Patient Compliance with Orthotic & Prosthetic Devices and Diabetic Footwear

The February 2010 issue of Lower Extremity Review (www.lowerextremityreview.com) features a must-read article for physicians, O&P clinicians, physical therapists and other healthcare providers regarding the topic of patient compliance. The article, Keys to Compliance in O&P: Practitioners Share their Success Stories by L.W. Barnes, mentions the myriad of problems caregivers face when attempting to obtain patient compliance with the use of orthotic & prosthetic devices and diabetic footwear.

Patients certainly encounter physical, mental and social concerns when it comes to being prescribed with an orthotic/prosthetic device or custom footwear. Concerns about fashion, added weight, reduced breathability and restricted movement with orthotic & prosthetic devices and prescription footwear all result in reduced patient compliance. The unfortunate result of non-compliance is the physical reduction in effectiveness. As Larry Lerman, CO and vice president of Lerman & Sons Orthotics & Prosthetics states, “the device is just a tool. How you use it makes all the difference.” All-too-often, non-compliance leads to troublesome outcomes like diabetic foot ulcers when a patient fails to protect the plantar surface of their foot from skin damage.

Practitioners are faced with the challenging task of educating patients about their new device to encourage compliance. But what happens when the patient goes home? According to Kevin Gavin, CO with Audubon Orthotic & Prosthetic Services, “just two out of 10 kids will not use their braces as instructed.” Adults are not far behind in being non-compliant with device usage – although compliance is often determined by the biomechanical benefits of device usage. In other words, a device that helps a person who otherwise struggles to walk will likely have a greater compliance rate than one that’s attempting to correct or prevent other muscular or skin-related concerns. This is particularly the case with adults suffering from peripheral neuropathy, where diabetic foot ulcers commonly occur once lower limb sensation is reduced.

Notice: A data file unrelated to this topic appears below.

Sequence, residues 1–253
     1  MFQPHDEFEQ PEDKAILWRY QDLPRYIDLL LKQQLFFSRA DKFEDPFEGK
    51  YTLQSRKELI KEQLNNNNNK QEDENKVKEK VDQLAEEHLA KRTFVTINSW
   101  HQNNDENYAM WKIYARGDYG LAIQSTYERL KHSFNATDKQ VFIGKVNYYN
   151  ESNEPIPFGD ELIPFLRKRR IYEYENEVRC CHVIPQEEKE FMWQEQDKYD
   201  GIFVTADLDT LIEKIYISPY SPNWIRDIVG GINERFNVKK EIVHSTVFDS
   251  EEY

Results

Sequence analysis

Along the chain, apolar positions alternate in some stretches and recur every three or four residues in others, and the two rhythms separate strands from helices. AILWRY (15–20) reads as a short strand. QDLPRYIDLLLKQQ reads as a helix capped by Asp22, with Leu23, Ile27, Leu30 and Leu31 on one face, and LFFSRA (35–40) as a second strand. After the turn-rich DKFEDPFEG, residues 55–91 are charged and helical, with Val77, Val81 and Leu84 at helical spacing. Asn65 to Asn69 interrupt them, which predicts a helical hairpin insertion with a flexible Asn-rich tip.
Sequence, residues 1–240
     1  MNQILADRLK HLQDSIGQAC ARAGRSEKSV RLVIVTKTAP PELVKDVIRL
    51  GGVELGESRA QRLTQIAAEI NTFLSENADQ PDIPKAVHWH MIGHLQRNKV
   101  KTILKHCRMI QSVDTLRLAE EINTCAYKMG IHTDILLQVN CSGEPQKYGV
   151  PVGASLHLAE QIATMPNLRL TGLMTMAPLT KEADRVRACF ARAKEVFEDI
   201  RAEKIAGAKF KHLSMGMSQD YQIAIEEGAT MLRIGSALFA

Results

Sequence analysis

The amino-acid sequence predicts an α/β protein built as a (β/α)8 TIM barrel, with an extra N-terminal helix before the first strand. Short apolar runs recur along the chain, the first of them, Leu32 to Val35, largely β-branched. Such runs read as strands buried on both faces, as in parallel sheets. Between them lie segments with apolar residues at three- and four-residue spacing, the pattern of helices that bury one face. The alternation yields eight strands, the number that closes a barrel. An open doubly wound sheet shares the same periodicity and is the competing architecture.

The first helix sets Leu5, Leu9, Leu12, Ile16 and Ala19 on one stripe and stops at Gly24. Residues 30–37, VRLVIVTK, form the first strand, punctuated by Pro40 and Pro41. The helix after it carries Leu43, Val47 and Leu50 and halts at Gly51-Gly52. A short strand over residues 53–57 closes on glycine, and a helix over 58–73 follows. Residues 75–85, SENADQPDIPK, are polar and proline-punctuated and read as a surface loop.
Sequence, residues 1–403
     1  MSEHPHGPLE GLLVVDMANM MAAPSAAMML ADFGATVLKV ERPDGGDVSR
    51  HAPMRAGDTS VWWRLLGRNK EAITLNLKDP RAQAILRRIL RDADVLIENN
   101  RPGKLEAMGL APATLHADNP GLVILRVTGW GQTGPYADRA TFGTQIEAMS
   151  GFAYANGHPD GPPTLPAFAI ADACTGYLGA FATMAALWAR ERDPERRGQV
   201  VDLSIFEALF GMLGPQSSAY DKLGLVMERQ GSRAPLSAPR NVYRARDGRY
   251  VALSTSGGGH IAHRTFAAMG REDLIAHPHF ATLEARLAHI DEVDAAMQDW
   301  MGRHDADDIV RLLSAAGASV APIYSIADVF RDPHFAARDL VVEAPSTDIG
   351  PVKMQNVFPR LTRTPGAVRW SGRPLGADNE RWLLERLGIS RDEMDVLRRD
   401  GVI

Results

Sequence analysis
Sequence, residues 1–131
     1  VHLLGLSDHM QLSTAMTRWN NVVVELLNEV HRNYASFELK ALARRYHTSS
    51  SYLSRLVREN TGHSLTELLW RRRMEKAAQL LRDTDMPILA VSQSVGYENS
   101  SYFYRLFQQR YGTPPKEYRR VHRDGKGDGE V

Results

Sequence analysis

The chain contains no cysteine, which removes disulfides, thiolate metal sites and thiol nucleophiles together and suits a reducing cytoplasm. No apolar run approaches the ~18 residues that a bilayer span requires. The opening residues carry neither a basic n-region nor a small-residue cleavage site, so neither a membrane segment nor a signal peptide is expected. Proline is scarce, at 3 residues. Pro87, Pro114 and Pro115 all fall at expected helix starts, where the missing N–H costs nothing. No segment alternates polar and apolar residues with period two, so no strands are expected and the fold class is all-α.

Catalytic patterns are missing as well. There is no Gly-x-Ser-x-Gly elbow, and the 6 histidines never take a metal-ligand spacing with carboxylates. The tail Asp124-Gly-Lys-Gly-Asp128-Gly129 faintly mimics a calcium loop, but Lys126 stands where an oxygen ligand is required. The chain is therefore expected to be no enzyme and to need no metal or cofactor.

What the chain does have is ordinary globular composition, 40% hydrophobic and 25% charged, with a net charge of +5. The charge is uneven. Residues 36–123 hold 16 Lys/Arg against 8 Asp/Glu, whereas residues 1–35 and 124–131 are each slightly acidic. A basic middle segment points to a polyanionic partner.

Click the following title link to read the full-text article >> Keys to Compliance in O&P

What do you do to encourage pediatric & adult compliance with orthotic & prosthetic devices?
Click on the “Leave a comment” link to share your compliance tricks.

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